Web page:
Tomorrow is the NASA Announcement, that many speculate will be about the discovery of alien life, evidence of bacteria. Did NASA discover life at Saturn’s moons? Not really, but Saturn’s second largest moon, Rhea, has a very thin oxygen atmosphere and complex chemistry, says Cassini Project scientist Linda Spilker of the Jet Propulsion Laboratory. NASA recently woke up the Cassini Spacecraft from it’s ‘safe mode’ to repair a computer glitch in time for a close fly-by of the Saturian moon, Enceladeus on Nov. 25th. The glitch prevented observations to be made of Saturn’s largest moon, Titan, on Nov. 11th. Scientific data stored onboard was able to be retrieved. When compared with data from previous observations of the moon Rhea, evidence of the very thin oxygen atmosphere seems confirmed Cassini scientists like Ben Teolis of the Southwest Research Institute in San Antonio and James Elser from Arizona State University believe the discovery may be as important as any made in our Solar System by any probe, even by the Hubble Space Telescope. The speculation began by a blogger, Jason Kottke, who saw a press release from the space agency.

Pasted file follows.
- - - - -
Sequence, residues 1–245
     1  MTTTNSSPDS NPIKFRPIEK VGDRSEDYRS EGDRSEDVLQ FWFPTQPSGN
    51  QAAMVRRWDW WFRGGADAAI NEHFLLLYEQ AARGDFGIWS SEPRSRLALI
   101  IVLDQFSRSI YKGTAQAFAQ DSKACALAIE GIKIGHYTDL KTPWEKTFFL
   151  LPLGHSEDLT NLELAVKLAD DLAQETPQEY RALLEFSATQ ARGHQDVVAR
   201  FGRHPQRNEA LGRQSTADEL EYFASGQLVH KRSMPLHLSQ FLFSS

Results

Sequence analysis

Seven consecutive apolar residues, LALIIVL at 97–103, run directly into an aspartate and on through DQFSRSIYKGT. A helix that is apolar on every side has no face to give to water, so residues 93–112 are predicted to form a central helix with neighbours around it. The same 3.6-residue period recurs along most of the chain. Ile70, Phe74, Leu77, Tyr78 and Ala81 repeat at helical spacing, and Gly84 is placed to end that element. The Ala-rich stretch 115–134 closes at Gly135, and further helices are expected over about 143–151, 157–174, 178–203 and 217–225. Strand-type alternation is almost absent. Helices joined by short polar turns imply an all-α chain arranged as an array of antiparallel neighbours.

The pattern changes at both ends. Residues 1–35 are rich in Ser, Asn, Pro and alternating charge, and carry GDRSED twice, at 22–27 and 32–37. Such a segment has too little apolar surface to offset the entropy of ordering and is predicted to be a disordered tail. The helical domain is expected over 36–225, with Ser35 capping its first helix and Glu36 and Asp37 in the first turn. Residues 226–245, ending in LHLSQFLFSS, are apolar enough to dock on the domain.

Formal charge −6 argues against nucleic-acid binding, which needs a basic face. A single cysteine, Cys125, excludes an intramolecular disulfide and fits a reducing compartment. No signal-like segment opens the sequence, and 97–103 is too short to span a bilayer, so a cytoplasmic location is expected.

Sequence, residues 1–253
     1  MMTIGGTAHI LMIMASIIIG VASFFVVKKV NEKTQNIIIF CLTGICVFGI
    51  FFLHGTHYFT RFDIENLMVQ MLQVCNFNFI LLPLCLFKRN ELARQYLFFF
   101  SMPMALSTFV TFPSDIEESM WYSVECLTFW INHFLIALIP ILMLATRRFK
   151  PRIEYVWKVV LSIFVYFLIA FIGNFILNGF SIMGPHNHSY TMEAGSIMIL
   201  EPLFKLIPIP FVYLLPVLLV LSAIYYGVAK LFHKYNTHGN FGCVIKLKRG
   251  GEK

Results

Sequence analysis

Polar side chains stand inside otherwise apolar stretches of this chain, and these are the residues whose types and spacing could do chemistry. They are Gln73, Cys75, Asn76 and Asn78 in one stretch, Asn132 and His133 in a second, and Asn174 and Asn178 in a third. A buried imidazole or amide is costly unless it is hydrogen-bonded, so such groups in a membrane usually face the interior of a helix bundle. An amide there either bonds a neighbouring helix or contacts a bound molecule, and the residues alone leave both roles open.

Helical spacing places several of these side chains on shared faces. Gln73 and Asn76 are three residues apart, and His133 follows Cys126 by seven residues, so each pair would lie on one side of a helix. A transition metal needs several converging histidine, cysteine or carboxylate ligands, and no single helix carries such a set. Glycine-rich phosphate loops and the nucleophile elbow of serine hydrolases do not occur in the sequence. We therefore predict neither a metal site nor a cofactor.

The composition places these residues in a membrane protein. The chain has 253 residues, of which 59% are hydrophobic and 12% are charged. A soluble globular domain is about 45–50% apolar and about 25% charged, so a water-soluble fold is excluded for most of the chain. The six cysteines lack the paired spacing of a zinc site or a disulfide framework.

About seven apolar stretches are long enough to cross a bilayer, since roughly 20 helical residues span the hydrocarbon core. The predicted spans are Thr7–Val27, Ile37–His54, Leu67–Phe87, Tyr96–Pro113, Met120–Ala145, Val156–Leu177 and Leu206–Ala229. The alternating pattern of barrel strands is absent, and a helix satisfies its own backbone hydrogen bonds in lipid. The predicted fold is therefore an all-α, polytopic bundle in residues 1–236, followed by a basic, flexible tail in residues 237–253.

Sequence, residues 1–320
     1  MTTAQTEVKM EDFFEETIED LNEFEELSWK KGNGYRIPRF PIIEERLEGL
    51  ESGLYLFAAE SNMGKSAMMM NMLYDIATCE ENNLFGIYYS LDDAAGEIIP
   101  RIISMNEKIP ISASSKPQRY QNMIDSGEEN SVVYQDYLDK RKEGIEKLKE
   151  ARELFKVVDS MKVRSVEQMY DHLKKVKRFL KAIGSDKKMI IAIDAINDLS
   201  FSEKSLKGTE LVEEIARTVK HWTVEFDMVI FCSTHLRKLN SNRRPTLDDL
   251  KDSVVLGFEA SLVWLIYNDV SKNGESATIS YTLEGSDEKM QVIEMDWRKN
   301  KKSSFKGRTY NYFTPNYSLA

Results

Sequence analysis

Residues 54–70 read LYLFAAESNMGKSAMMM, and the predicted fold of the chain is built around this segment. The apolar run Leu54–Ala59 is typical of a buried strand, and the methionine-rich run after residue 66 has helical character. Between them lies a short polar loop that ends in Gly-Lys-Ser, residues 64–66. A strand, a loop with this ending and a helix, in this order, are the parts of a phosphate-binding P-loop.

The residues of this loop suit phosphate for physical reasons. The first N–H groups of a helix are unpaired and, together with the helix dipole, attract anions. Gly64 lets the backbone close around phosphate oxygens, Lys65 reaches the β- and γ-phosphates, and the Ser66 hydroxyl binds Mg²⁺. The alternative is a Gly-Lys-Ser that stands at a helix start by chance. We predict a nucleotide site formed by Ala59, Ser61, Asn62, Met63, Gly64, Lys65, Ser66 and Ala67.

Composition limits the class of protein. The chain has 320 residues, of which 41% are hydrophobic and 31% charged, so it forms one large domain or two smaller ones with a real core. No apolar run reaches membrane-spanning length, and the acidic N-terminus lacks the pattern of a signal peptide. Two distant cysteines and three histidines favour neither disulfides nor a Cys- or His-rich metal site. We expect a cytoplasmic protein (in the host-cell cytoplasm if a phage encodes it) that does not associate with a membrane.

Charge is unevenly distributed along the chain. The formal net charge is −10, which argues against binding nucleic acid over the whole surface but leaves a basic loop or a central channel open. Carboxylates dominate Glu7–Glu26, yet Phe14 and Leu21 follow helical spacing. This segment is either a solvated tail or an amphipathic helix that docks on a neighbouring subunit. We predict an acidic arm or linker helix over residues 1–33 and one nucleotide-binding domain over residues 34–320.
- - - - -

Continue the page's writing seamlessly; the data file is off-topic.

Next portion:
The press release tells of a news conference to be held this Thursday. NASA says it will be to “discuss an astrobiological finding that will impact the search for evidence of extraterrestrial life.” The NASA press release adds, “Astrobiology is the study of the origin, evolution, distribution and future of life in the universe.” That covers a lot of ground.
Tomorrow is the NASA Announcement, that many speculate will be about the discovery of alien life, evidence of bacteria. So, the speculation builds. Does this big announcement have anything to do with a very thin oxygen atmosphere being found on the icy moon Rhea? Did NASA discover life on Saturn’s moons? Or does it have to do with a discovery of life on Mars? We’ve recently had some return-sample missions from comets, too. Could the Thursday press conference be about life being distributed about our Solar System by comets or even asteroids? Stay tuned, folks, it might be worth watching NASA TV!